Colorado officers, paramedics charged in 2019 death of Elijah McClain

People gather at a candlelight vigil to demand justice for Elijah McClain on the one year anniversary of his death at The Laugh Factory in August 2020 in West Hollywood, Calif. Rich Fury/Getty Images/TNS

COLORADO SPRINGS, Colo. — A grand jury has returned a 32-count indictment against three current and former Aurora police officers and two paramedics for the 2019 death of Elijah McClain, a 23-year-old Black man, Colorado Attorney General Phil Weiser announced Wednesday.

All five face criminally negligent homicide and manslaughter. They include officers Randy Roedema, Nathan Woodward and former officer Jason Rosenblatt. Paramedics Jeremy Cooper and Peter Cichuniec have also been charged.

“It is our department’s solemn duty to prosecute this case. ... We are here today because Elijah is not here, and he should be,” Weiser said at a news conference.

Wednesday’s announcement marks the latest development in two years of social, legislative and legal responses to McClain’s death. Weiser opened the grand jury investigation in January.

Officers stopped McClain Aug. 24, 2019, as he walked home. They had responded to a call about a suspicious person in the Denver suburb, but the caller had said they did not believe the person was armed.

Investigators found the officers grabbed McClain by the neck in a “carotid” hold, and paramedics called to the scene injected him with 500 milligrams of ketamine. McClain died a few days later in a hospital.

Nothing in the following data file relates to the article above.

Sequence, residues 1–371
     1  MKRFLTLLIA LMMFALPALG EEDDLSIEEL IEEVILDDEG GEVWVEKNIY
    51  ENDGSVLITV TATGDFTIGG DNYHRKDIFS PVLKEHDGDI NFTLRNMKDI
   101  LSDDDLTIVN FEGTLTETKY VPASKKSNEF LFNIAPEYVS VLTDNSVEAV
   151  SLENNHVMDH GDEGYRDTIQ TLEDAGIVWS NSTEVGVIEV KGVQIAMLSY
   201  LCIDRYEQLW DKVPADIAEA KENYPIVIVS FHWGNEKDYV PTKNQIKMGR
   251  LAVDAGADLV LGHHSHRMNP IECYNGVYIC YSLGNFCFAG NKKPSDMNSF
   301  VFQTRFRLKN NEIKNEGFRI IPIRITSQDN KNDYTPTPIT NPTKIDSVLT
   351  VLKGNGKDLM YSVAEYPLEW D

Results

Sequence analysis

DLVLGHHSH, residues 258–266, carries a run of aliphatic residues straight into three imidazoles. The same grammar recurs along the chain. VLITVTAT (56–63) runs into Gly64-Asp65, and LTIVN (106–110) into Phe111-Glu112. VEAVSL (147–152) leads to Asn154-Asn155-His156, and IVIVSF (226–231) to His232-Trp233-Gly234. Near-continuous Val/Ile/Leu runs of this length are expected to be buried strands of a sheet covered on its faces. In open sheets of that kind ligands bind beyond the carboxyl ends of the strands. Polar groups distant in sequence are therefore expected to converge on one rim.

The 17th Judicial District Attorney’s Office declined to issued charges in McClain’s death.

The Aurora Police Department has since banned chokeholds. Last year, police Chief Vanessa Wilson fired officers who took a photo mocking McClain’s death and sent it to one of the officers who stopped McClain, Jason Rosenblatt. Police said Rosenblatt was also fired for responding, “Ha ha.”

In July, Gov. Jared Polis signed a law banning police from ordering paramedics or other medical professionals to use ketamine. The law also prohibits medical workers from administering ketamine on anyone suspected of a crime absent a medical emergency.

In February, an independent investigation found police did not have reasonable suspicion to stop McClain.

A separate investigation into whether the Aurora Police Department has had pattern of violating its residents’ civil rights was underway by Weiser’s office.

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Tribune Wire

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